With The Form Conforming Duly, Senseless What It Meaneth Truly…

Meryl Streep as The French Lieutenant's Woman.

I have always had a base line love for Victorian literature.  It was one of my favourite periods of literature for my degree.  I loved how interior worlds, passions and sentiment were replicated and revealed.  As we imploded as an Empire, the strict structures of the form gave way via World War One to Modernism and a fractured universe where nothing was as clear as the coded revelations of a generation before – except that these in their way had hinted at this very discrepancy – gathering momentum.  Last week I read ‘Elijah’s Mermaid by Essie Fox, a latter-day proponent of what has become known as ‘Vic-Lit’, perhaps somewhat disparagingly, since the format favours the female.  A modern mind interpreting the 19th century obsessions with mental health, female subjugation, Pre-Raphaelite aspirations and back-door brothels.  The thread of the Thames, water, mermaids neatly interplays these motifs, as we dive through the novel, with the clarity of our seemingly more evolved empirical methodologies, our world of equal pay, equal rights, oh yes and page three…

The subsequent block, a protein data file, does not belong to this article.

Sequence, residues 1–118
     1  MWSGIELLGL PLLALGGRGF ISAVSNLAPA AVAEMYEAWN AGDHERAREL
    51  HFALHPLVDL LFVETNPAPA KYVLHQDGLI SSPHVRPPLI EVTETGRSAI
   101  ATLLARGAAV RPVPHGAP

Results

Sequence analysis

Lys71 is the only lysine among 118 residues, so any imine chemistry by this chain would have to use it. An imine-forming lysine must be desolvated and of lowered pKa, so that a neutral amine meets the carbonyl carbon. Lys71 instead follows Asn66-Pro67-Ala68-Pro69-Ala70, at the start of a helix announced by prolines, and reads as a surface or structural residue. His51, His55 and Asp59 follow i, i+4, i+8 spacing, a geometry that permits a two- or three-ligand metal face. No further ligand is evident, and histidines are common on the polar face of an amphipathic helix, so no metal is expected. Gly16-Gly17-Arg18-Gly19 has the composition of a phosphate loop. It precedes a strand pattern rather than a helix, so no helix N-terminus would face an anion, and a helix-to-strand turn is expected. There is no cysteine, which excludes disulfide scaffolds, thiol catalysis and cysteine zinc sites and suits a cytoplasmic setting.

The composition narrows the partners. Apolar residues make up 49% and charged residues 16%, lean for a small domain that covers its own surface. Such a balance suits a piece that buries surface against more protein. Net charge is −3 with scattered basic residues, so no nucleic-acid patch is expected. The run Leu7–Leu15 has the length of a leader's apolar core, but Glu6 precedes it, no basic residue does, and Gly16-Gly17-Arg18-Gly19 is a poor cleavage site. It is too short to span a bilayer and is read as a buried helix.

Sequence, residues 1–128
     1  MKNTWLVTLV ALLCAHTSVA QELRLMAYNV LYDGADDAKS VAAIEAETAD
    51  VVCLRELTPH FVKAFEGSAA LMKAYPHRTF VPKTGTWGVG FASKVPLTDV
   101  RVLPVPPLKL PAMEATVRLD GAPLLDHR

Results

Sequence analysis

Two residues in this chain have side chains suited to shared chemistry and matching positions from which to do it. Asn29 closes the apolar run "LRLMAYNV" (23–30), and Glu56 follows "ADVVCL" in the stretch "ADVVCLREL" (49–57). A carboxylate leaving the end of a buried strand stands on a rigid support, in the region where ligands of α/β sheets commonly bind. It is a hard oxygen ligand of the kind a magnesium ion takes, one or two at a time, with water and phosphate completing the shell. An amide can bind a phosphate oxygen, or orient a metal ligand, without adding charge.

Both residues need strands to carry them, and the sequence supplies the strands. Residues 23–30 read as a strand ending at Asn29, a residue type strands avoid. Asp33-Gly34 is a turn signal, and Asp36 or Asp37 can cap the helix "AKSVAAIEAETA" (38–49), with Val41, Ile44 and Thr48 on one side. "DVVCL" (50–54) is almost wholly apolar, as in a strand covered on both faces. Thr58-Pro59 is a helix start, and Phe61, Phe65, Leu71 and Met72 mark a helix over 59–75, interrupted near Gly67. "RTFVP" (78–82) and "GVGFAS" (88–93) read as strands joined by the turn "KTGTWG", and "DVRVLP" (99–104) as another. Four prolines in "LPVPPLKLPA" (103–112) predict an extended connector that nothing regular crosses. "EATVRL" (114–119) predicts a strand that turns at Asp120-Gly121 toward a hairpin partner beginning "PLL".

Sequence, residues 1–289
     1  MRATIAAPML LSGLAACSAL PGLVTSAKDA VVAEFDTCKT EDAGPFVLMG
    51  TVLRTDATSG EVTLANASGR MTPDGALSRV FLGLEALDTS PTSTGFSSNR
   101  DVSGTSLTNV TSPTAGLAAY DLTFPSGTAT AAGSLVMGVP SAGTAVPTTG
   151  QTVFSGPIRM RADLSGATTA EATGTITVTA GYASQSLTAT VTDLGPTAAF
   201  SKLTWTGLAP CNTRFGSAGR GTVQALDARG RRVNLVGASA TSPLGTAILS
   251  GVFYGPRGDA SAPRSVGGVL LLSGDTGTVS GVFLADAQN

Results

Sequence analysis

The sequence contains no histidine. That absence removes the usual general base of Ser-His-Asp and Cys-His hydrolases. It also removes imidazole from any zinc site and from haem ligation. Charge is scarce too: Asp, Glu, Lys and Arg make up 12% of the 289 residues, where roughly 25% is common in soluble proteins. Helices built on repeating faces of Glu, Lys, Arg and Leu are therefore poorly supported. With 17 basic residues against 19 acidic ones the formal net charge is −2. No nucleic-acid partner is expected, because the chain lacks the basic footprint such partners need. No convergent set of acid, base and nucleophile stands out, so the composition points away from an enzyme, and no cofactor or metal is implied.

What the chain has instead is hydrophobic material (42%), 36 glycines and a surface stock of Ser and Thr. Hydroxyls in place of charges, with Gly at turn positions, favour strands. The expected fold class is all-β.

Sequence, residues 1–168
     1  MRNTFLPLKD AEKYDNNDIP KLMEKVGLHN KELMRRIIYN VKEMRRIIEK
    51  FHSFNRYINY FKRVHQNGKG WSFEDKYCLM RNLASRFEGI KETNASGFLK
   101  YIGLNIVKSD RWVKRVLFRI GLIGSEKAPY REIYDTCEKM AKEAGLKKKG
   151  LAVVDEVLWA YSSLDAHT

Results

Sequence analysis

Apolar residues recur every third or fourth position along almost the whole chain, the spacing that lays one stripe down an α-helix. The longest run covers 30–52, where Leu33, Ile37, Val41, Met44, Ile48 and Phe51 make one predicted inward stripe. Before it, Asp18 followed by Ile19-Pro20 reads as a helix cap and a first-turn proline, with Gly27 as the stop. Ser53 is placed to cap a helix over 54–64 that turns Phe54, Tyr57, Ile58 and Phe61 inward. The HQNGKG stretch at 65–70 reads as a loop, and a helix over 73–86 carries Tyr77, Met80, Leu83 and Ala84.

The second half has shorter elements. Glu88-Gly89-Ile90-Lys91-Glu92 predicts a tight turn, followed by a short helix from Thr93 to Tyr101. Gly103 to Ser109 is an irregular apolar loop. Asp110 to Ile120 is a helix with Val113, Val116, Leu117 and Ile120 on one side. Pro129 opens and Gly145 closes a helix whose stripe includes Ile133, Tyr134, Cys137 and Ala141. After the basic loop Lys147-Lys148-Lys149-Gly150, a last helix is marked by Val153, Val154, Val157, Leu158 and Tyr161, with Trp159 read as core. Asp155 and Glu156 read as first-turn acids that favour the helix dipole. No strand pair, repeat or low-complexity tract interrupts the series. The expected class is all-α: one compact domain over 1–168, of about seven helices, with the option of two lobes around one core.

Circling the masterpiece of ‘Vic-Lit’ I decided to enter the mother-ship, the maestro of the format, and this week am reading ‘The French Lieutenant’s Woman’, by John Fowles.  Having seen the film and loved the intertwined stories, I was surprised to find this was a Harold Pinter script invention, clever man, to highlight Fowles’ knowing narration, his pitch-point moments of standing back into the present day.

“Charles did not know it, but in those brief poised seconds above the waiting sea, in that luminous evening silence broken only by the waves’ quiet wash, the whole Victorian Age was lost.  And I do not mean he had taken the wrong path.”

Genius, and as I try to break the deadlock of writer’s block for my weekly writing class, I yet again bow down to another technician’s searing talent…

Meanwhile, rather tritely, back on Planet Fashion, as I prep for my shoot next week, off to Oman for Vogue, I flick through style.com and notice that likewise of course there is always room for an epic cape, especially at couture, and especially when worn by a friend, in attendance of budding couturier Ulyana Sergeenko, whose universe like mine seems like a Russian epic filled with romantic swansongs and pre-revolutionary text.

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